|Year : 2015 | Volume
| Issue : 3 | Page : 133-135
Silvery hair with speckled dyspigmentation: Chediak-Higashi syndrome in three indian siblings
Chekuri Raghuveer, Sambasiviah Chidambara Murthy, Mallur N Mithuna, Tamraparni Suresh
Department of Dermatology and Venereology, Vijayanagara Institute of Medical Sciences, Bellary, Karnataka, India
|Date of Web Publication||19-Oct-2015|
Department of Dermatology and Venereology, Vijayanagara Institute of Medical Sciences, Bellary - 583 104, Karnataka
Source of Support: None, Conflict of Interest: None
| Abstract|| |
Silvery hair is a common feature of Chediak-Higashi syndrome (CHS), Griscelli syndrome, and Elejalde syndrome. CHS is a rare autosomal recessive disorder characterized by partial oculocutaneous albinism, frequent pyogenic infections, and the presence of abnormal large granules in leukocytes and other granule containing cells. A 6-year-old girl had recurrent respiratory infections, speckled hypo- and hyper-pigmentation over exposed areas, and silvery hair since early childhood. Clinical features, laboratory investigations, hair microscopy, and skin biopsy findings were consistent with CHS. Her younger sisters aged 4 and 2 years had similar clinical, peripheral blood picture, and hair microscopy findings consistent with CHS. This case is reported for its rare occurrence in all the three siblings of the family, prominent pigmentary changes, and absent accelerated phase till date. Awareness, early recognition, and management of the condition may prevent the preterm morbidity associated.
Keywords: Partial albinism, primary immunodeficiency, silvery hair syndrome
|How to cite this article:|
Raghuveer C, Murthy SC, Mithuna MN, Suresh T. Silvery hair with speckled dyspigmentation: Chediak-Higashi syndrome in three indian siblings. Int J Trichol 2015;7:133-5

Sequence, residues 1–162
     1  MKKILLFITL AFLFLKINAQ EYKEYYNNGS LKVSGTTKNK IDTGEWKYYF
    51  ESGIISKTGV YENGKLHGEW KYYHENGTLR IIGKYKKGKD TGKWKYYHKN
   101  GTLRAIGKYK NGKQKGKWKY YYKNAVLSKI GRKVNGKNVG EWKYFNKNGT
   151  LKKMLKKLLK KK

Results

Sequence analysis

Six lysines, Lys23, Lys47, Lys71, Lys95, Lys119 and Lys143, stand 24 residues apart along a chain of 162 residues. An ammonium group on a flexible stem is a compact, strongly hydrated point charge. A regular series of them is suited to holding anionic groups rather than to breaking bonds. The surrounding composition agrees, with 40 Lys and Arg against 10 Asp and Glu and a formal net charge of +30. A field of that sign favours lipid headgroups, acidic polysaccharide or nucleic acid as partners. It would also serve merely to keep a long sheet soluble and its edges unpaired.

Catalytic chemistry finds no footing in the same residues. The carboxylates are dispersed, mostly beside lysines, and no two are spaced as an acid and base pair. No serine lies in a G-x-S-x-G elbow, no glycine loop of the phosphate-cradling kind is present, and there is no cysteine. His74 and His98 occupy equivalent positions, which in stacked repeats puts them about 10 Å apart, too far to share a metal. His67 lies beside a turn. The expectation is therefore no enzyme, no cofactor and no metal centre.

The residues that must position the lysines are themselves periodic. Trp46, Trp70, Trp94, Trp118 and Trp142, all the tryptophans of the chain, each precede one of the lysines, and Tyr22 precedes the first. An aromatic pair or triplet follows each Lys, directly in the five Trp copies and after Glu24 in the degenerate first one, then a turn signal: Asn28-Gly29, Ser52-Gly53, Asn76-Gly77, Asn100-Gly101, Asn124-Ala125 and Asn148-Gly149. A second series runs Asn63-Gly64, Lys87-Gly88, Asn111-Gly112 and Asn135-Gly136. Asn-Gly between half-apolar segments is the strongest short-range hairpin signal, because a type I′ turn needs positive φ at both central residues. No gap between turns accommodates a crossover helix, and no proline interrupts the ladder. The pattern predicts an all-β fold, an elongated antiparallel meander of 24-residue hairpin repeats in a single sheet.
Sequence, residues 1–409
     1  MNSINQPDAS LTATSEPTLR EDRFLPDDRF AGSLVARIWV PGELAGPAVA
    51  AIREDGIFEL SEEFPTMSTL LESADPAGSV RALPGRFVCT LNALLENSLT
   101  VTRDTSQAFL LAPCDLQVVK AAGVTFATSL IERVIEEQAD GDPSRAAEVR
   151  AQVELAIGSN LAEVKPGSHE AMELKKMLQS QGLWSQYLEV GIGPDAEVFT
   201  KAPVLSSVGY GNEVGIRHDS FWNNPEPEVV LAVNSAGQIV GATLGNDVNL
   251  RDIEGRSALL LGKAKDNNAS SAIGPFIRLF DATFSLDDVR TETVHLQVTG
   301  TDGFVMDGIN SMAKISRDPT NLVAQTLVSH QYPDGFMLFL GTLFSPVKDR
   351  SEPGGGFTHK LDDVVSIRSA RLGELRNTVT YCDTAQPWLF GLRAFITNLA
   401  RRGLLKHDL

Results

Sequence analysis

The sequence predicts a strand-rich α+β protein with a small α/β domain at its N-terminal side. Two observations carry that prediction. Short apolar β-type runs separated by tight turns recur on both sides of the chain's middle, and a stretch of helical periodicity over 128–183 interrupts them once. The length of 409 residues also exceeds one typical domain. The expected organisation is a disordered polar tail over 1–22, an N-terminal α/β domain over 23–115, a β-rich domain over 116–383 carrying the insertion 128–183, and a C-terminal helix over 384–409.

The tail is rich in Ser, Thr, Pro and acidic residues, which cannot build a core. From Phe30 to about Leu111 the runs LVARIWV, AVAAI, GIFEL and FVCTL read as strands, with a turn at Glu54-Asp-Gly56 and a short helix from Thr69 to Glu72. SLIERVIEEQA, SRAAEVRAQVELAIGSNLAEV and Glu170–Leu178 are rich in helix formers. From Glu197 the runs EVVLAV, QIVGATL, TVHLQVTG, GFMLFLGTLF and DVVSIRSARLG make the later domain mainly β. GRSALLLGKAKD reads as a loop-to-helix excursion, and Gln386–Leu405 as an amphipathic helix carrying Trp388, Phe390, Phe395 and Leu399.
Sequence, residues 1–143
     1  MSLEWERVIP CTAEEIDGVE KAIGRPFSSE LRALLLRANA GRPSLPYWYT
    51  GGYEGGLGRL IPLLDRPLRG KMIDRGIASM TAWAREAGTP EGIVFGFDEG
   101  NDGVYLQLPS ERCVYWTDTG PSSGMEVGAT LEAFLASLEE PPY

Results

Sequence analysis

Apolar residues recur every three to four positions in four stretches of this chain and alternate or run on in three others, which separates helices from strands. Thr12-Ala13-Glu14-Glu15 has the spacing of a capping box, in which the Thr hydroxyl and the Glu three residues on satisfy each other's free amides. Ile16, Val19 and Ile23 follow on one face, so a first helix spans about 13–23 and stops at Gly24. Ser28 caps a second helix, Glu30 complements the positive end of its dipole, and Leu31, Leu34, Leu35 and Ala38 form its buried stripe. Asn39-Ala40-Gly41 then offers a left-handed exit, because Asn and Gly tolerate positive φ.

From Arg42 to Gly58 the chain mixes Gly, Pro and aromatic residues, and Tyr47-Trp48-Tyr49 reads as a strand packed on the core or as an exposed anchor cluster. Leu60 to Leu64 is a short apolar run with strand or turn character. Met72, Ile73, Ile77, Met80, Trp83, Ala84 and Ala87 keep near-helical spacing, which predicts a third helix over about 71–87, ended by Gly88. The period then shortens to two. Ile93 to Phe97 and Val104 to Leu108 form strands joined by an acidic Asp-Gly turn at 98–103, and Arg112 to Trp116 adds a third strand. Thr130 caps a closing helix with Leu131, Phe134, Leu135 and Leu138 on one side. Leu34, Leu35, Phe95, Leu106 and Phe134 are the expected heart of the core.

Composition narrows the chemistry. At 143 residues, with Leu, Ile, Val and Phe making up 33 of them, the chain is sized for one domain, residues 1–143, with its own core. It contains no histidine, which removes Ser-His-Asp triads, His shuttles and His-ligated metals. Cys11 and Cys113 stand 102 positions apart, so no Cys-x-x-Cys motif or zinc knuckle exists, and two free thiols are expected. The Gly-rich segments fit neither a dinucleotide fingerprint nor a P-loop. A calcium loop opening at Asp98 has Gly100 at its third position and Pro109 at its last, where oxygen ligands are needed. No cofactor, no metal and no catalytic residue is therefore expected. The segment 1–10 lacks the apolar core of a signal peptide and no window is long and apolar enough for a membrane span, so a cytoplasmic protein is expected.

|How to cite this URL:|
Raghuveer C, Murthy SC, Mithuna MN, Suresh T. Silvery hair with speckled dyspigmentation: Chediak-Higashi syndrome in three indian siblings. Int J Trichol [serial online] 2015 [cited 2021 Jun 15];7:133-5. Available from: https://www.ijtrichology.com/text.asp?2015/7/3/133/167462
| Introduction|| |
Chediak-Higashi syndrome (CHS) is a rare, autosomal recessive, immunodeficiency disorder, exhibiting partial albinism with silvery grey hair, photosensitivity, pyoderma, hyperhidrosis, and easy bruisability. It constitutes a part of the "silvery hair syndrome" in association with Griscelli syndrome and Elejalde syndrome. We report this rare disorder in three sisters of a single family.
| Case Report|| |
A 6-year-old girl, born to consanguineous parents, had asymptomatic pigmentary lesions over face and upper extremities for 4 years. She had recurrent respiratory infections and variable hair color since early childhood. There was no spontaneous bleeding, photophobia, or systemic involvement. Her developmental milestones and vaccination status were up to date. Her younger sisters aged 4 and 2 years had almost similar features. Both her parents were unaffected.
Cutaneous examination showed speckled hypo-and hyperpigmented macules over the malar region, nose, and freckles over extensor forearms. Silvery-grey hair over frontal scalp, eyebrows, eyelashes [Figure 1], and ocular pigmentary dilution was present. Other systems including neurological findings were normal. Her sisters also had silvery-grey hair with freckling over the face [Figure 2]. Her hematological, biochemical, and tests for infections including tuberculosis were normal or negative except for neutropenia. Peripheral smear showed giant cytoplasmic granules in the leucocytes. Light microscopy of scalp hair showed evenly distributed melanin granules of a regular diameter which were bigger than those seen in normal hair [Figure 3]. Skin biopsy from face showed scattered, large, coarsely pigmented melanocytes in the epidermis with the sparse pigmentation of adjacent keratinocytes accompanied by pigmented cells in the superficial dermis [Figure 4]. Bone marrow examination was refused by the parents and genetic tests could not be done for the want of facilities. Light microscopy of scalp hair and a peripheral smear of both her sisters' showed similar features. With these clinical and laboratory findings, a diagnosis of CHS was made and patients were referred for bone marrow transplantation (BMT).